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Re: New Engine Could Boost Fuel Economy by Half

Unread postby Tanada » Thu 11 Jan 2018, 14:40:46

I still think you would be better off with a nice simple 5 cylinder small radial, we have literally produced millions of these things and know how to make them run without a lot of new testing and development for your 4 cylinder Borque design. I know it is hard for an entirely new system to break through into production but small radials have been produced nearly as long as simple Otto inline engines. A two stroke version is well within our technical capabilities for the same reason it works for the Borque, it is all about how the piping is run and on a radial design it is a heck of a lot easier to run than on an inline design like those used in most ICE vehicles today.
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Re: New Engine Could Boost Fuel Economy by Half

Unread postby kublikhan » Thu 11 Jan 2018, 16:42:44

Revi wrote:People have forgotten about the wankel
Mazda stopped making the Wankel because it had poor fuel efficiency and poor emissions - 2 areas automotive makers are paying more attention to.

The Mazda Wankel engines (a type of rotary combustion engine, specifically a Wankel engine) comprise a family of car engines produced by Mazda. Mazda rotary engines have a reputation for being relatively small and powerful at the expense of poor fuel efficiency. Mazda last built a car powered by a rotary engine in 2012, the RX-8, but had to abandon it largely to poor fuel efficiency and emissions. It has continued to work on the technology, however, as it is one of the company's signature features. Mazda officials have previously suggested that if they can get it to perform as well as a reciprocating engine they will bring it back to power a conventional sports car.
Mazda Wankel engine

Through the history of internal combustion engines, there has been plenty of evolution, but few revolutions. Talk of radically different designs always leads to a single name – Wankel. The Wankel rotary engine, most notably used in automobiles by Mazda, has been around since the late 1950’s. The Wankel rotary is an example of a design which makes sense on paper. However, practical problems cause it to underperform in the real world.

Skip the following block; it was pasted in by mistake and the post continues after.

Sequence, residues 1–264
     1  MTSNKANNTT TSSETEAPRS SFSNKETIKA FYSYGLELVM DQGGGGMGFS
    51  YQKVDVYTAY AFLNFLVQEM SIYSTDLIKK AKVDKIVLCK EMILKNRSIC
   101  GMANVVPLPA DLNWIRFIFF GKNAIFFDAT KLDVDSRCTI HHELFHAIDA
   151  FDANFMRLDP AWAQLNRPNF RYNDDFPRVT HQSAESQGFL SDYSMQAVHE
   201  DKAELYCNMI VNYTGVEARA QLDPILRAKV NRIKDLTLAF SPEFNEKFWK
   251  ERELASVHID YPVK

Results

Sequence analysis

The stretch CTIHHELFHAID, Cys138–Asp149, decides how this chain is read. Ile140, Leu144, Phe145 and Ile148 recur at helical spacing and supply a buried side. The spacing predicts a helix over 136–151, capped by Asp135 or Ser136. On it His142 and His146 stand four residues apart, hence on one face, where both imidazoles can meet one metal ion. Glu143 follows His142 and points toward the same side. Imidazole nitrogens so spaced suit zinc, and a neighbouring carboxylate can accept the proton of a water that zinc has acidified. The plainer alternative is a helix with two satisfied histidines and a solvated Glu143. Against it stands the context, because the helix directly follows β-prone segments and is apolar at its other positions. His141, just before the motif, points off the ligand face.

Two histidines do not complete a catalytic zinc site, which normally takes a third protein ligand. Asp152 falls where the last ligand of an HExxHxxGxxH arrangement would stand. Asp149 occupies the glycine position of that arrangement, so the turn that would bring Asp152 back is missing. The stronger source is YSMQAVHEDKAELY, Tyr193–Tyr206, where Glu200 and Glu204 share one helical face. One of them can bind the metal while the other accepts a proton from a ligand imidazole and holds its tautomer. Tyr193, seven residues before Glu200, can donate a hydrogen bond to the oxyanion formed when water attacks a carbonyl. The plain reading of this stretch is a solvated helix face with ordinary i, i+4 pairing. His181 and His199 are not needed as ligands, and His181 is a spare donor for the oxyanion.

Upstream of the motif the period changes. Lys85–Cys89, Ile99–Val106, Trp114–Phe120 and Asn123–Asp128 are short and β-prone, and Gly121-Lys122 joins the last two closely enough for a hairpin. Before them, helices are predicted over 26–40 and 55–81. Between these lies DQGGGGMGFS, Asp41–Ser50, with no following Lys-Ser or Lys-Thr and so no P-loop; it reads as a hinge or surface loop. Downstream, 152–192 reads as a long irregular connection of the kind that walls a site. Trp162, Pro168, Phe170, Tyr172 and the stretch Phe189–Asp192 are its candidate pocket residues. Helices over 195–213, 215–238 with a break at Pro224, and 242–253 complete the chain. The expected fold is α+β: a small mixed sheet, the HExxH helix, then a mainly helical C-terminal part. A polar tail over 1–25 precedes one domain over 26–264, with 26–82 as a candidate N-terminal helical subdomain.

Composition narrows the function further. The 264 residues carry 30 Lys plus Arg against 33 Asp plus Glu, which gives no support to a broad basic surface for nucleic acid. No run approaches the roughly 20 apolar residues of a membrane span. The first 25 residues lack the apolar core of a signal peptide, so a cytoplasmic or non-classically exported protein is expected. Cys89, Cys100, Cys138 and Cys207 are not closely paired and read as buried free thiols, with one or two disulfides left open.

Reality sets in
So why aren’t we all driving Wankel-powered cars? The problem lies in the pitfalls of the design.

Fuel Economy: The Wankel’s combustion chamber is long, thin, and moves with the rotor. This causes a slow fuel burn. Engines try to combat this by using twin (leading and trailing) spark plugs. Even with the two plugs, combustion is often incomplete, leading to raw fuel being dumped out the exhaust port. The small 1.3 liter 232 horsepower two rotor engine in the 2011 Mazda RX-8 gets worse fuel economy (16 city / 23 highway) than the 6.2 liter 455 horsepower V8 engine used in the 2015 Corvette Stingray (17 city / 29 highway).

Emissions: The unburnt fuel, along with burned oil (described below) both result in terrible emissions from Wankel engines. The emissions problems are one of several reasons the RX-8 was pulled from production.

There is no way to keep the oil lubricating the seals out of the combustion chamber. Mazda engines include an injector pump which pushes small amounts of oil right into the engine housing, as well as into the air intake. This oil is eventually burned, causing increased carbon and emissions over the life of the engines.

Overhaul interval: Rotary engines in general don’t last as long as piston powered engines. As explained eloquently by Regular Car Reviews, the primary problem is with the seals. Browsing Mazda and rotary forums shows people rebuilding somewhere between 50,000 and 100,000 miles.

What does the future hold for the Wankel rotary engine? Most likely more of the same. Mazda will continue to support the engine, and it will continue to be used in some niche fields. However, it would take a major advancement in materials and design to correct all the issues that have thus far relegated the Wankel engine to a footnote in the history of internal combustion.